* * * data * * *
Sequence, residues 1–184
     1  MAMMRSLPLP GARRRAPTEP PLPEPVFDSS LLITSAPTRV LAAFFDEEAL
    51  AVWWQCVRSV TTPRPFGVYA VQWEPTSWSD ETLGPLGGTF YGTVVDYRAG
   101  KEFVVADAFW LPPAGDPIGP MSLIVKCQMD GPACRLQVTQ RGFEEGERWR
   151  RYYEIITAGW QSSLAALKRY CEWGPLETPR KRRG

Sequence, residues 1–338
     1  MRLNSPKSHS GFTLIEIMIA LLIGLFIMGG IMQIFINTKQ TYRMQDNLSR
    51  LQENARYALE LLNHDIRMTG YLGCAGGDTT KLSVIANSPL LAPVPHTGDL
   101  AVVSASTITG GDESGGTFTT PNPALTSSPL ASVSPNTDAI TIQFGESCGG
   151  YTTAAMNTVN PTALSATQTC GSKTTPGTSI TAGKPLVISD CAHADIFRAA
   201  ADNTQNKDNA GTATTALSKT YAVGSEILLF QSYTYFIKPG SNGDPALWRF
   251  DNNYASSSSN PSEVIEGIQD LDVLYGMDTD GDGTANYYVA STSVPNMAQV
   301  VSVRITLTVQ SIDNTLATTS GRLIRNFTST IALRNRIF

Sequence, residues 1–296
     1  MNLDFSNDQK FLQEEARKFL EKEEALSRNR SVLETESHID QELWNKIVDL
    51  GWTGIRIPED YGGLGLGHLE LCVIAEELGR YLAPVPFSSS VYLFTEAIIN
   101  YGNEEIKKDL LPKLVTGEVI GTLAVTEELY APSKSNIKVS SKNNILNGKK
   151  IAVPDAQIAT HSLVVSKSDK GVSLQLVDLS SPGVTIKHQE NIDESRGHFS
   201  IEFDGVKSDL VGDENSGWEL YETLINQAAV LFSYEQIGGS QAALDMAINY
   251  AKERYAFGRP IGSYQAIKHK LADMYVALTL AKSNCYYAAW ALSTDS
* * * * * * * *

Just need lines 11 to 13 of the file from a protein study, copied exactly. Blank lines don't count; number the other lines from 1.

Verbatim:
   201  ADNTQNKDNA GTATTALSKT YAVGSEILLF QSYTYFIKPG SNGDPALWRF
   251  DNNYASSSSN PSEVIEGIQD LDVLYGMDTD GDGTANYYVA STSVPNMAQV
   301  VSVRITLTVQ SIDNTLATTS GRLIRNFTST IALRNRIF